September 23, 1997
COMMONWEALTH OF PENNSYLVANIA
EDDIE L. LUCKETT, APPELLANT
Appeal from the PCRA January 13, 1997, in the Court of Common Pleas of Lackawanna County, Criminal Division, at No. 93-CR-616. Before Cottone, J.
Before: Cirillo, P.j.e., Ford Elliott & Hester, JJ. Opinion BY Hester, J. Concurring Opinion BY Cirillo, P.j.e.
The opinion of the court was delivered by: Hester
OPINION BY HESTER, J.:
Filed September 23, 1997
Eddie L. Luckett appeals the January 13, 1997 denial of his petition for PCRA relief. We are constrained to reverse and remand for the appointment of counsel.
On December 23, 1994, appellant was sentenced to forty-five to ninety months imprisonment following his conviction by a jury of possession and delivery of a controlled substance. On direct appeal, we summarized the evidence presented at appellant's trial:
On April 20, 1993, Officers Kevin Mitchell and Michael Keilty investigated reports of drug activity by conducting surveillance on the corners of Taylor Avenue and Linden Street in Scranton. The officers were approached by an individual who offered to sell them cocaine. Because neither officer was prepared to make a buy on that day, they told the individual they would return the next day. The individual was later identified as Merle Simmons.
The next day, Officer Mitchell and another Scranton police officer, Michael Carroll, returned to the area. This time they carried five marked twenty dollar bills. These officers were approached by the same individual who had offered to sell cocaine the previous day. They pulled the car to a curb on the opposite side of the street in order to be directly under a street lamp. The officers arranged to buy two bags of cocaine for fifty dollars. During this transaction, appellant approached the officers from the opposite side of the car. Appellant also offered to sell them cocaine. Officer Mitchell agreed to purchase three bags of cocaine for fifty dollars. Appellant then went into 1304 Linden Street and returned with three bags of a white powdery substance.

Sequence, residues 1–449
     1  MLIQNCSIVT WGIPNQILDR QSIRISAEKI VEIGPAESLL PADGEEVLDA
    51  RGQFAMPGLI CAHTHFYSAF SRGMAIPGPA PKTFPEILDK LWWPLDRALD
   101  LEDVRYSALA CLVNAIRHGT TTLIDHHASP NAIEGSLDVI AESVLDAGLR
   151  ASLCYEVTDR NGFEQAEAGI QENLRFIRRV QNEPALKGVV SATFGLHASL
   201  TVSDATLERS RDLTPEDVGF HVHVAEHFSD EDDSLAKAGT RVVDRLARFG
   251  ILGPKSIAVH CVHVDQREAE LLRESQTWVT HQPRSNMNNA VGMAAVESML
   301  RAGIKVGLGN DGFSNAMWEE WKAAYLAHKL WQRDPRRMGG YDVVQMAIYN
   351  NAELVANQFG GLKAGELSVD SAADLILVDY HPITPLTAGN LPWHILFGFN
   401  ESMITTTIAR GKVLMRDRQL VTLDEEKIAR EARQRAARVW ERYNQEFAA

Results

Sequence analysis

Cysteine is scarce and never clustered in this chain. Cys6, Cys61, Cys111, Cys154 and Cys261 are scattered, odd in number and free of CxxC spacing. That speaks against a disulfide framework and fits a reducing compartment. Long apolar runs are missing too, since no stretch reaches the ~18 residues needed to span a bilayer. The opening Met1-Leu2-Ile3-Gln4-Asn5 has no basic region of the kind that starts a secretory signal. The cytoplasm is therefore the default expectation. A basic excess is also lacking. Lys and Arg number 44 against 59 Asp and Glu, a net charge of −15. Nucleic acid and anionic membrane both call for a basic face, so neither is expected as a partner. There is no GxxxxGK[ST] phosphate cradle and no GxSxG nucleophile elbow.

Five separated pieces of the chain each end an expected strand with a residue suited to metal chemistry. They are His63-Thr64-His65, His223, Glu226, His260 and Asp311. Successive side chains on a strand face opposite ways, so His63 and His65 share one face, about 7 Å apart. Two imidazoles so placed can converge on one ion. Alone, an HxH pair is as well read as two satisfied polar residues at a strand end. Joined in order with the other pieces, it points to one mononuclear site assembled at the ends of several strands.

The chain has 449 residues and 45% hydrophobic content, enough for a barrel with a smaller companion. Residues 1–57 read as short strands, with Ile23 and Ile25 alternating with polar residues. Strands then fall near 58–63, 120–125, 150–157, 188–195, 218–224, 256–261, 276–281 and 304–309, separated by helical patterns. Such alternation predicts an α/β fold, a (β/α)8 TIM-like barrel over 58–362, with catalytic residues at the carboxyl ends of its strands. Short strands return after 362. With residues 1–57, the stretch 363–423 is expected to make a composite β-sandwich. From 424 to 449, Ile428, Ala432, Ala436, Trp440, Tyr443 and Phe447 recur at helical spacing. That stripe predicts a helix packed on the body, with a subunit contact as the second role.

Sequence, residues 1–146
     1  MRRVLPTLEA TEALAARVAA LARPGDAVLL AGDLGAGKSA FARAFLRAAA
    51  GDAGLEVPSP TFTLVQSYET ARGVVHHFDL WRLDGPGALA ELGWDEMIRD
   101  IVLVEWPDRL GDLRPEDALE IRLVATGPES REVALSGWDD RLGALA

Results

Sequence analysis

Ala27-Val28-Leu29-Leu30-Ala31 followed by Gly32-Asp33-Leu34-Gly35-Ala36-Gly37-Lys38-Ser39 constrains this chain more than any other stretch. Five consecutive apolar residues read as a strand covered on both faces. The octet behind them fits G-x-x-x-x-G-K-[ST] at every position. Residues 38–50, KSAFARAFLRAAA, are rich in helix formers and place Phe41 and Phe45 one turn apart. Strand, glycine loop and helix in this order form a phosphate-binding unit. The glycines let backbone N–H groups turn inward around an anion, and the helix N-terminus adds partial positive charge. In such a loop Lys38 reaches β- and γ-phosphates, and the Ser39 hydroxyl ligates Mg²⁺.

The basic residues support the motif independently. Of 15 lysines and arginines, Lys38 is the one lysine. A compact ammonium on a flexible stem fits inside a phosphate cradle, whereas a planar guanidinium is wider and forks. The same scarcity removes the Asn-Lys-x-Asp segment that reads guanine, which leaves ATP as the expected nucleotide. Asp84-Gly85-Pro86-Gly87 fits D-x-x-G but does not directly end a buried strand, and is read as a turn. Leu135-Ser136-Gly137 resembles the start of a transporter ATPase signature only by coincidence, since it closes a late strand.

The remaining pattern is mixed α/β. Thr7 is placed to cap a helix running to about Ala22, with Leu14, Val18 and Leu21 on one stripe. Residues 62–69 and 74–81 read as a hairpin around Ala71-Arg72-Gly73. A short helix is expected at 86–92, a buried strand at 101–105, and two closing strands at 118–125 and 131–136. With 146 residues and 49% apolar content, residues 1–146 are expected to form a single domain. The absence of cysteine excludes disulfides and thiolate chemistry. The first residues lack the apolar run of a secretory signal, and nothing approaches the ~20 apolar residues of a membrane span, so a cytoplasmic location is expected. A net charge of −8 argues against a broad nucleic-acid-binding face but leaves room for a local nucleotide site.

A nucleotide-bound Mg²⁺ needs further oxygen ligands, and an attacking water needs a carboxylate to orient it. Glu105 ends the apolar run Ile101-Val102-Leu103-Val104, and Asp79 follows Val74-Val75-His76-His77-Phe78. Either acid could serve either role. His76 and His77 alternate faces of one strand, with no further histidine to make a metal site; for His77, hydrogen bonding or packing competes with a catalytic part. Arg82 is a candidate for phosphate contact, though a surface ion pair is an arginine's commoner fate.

The officers completed the transactions, left the scene, and met with Officer Leonard Ash in order to test the powder. It was identified as cocaine. At this point, Officers Mitchell and Carroll returned to the scene at approximately 10:15 p.m. which was about an hour to an hour and a half after the transaction had occurred. Upon seeing appellant in front of 1304 Linden Street, Officer Mitchell conducted a protective pat down. He asked for identification and appellant stated his name was Eddie Luckett.
The officers then left the scene to prepare an affidavit of probable cause in order to obtain an arrest warrant. Unsure of the true identification of appellant, Officer Mitchell used the name John Doe, a/k/a Mark. He testified he used the name "Mark" because he believed appellant went by this name on the street. (N.T. November 16, 1993 at 33). Officer Mitchell, accompanied by Officer Keilty, returned to the scene in order to serve the arrest warrant. On or about 9:30 p.m., the arrest warrant was executed against appellant.
Superior Court Memorandum, 8/16/95, at 1-2.
Following his convictions, appellant filed a pro se appeal, raising eight allegations of error. We rejected his arguments and affirmed. On January 9, 1997, appellant filed his first petition for post-conviction relief. He raised numerous allegations of ineffective assistance of counsel and leveled accusations of prosecutorial misconduct. Four days later, the PCRA court denied the petition summarily, stating that
the defendant having filed a pro se motion for post conviction collateral relief on January 9, 1997, charging his counsel with ineffectiveness, and it appearing that the Superior Court in a decision filed on August 16, 1995 had determined that the defendant's counsel was not ineffective, it is hereby ordered that the defendant's said motion for post conviction collateral relief is denied.